To give plants the opportunity to shine in the garden, the space needs to be planned. We all have different starting points to making changes in the garden.
It might be that you have moved to a new build with a blank canvas or you have a neglected space that needs reviving but the need for a proper plan is always required for a successful outcome. Here is the process of having your garden designed to give the plants the chance to be the stars of the garden.
Design brief is required for any garden to develop. This is a working list of the requirements for the garden such as a grassy space for the children to play, a dining area for family parties and a screened off shed all in a naturalistic planting style. The challenge for the garden designer is to carefully develop the brief and guide the client to a successful outcome. It is an evolving process that asks many questions. I always like to talk about planting styles, colour and plant influences early on in the process to get an idea in my mind’s eye that I can then develop. Pinterest is a good way to share ideas. Once the brief is agreed a survey is carried out and work begins on the design concept.
Design concept is a visual presentation of how the garden could look. It takes the form of a 2d design drawing with printouts and accompanying mood board and or a 3d moving visual model. I always like to include key structural planting on the plan and planting style visuals on the mood board. This helps to keep the plants at the forefront of the process rather than an afterthought. To me the plants are just as important as the hard landscaping detail to the success of a finished garden. Samples are considered too at this concept stage.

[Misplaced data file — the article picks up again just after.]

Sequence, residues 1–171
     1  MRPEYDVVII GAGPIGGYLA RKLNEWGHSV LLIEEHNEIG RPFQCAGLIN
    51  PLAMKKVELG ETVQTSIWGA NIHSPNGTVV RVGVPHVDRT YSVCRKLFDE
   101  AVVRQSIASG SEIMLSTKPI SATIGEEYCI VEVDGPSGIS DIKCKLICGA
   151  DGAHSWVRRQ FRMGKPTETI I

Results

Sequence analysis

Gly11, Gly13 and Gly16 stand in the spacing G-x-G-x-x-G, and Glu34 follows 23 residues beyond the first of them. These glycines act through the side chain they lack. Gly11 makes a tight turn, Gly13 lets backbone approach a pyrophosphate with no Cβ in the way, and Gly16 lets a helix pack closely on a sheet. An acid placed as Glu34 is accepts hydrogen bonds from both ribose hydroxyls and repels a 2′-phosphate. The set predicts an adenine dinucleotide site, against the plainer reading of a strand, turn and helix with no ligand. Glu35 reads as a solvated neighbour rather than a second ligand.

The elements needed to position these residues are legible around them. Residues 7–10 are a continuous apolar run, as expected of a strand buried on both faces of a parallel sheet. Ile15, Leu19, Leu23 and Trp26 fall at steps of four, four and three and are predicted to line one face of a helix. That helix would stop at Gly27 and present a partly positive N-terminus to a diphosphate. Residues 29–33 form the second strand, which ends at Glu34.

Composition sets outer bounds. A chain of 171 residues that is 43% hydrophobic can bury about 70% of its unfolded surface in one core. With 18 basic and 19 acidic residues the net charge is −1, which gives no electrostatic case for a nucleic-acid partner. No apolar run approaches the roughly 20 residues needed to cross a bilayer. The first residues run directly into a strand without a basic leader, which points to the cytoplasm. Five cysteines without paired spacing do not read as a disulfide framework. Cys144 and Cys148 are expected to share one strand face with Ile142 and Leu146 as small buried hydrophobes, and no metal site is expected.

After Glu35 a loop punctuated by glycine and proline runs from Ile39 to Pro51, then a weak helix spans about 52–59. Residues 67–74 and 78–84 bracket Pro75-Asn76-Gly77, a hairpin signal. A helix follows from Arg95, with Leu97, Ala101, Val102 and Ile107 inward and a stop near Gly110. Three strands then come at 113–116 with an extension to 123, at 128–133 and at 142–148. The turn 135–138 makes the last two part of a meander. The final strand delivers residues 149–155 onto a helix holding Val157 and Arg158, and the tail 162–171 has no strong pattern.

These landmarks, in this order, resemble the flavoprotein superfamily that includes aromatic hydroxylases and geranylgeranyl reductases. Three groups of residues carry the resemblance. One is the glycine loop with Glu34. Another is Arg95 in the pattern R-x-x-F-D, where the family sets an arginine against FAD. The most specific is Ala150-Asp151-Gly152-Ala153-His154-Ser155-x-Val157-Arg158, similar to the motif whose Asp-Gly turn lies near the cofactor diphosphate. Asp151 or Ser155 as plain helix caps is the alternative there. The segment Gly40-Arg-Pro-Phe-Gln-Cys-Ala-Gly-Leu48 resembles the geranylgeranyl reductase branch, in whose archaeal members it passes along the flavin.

Design detailing is the refinement of the design concept. It includes all the details necessary to build the garden such as paved areas, slatted timber details on the fences, to step details and material transition points. The drawing is produced in architect’s software, to scale and is a fixed piece of work. The beauty of having a definitive plan to follow is that this allows for construction to take place in a phased approach if required.
Planting plan is where the garden is brought to life and is one of my favourite parts of the process. As you will know if you are a regular reader of my articles, I love my plants! It can be hard to restrict the urge to include my favourite plants in gardens when the brief is dictating a low maintenance, architectural foliage requirement, but this is the discipline of a good garden designer. Making the garden that is requested from the client rather than imposing your own personal taste. I love to work with loose herbaceous perennials and grasses offset against structural hedges, trees, and shrubs in a contemporary English country cottage style but love the challenge of something new.
Landscape construction is where the design on paper then begins to evolve on the ground. Ground works are carried out, hard features built, and planting areas prepared. As the planting takes place, I love seeing my ideas coming to life on the ground. Mother Nature then takes over and as the planting establishes and matures good horticultural practice as required will mean that the space can bring pleasure and enjoyment for the client for years to come.
If you are thinking of making changes this year, why not plan now to enjoy this summer!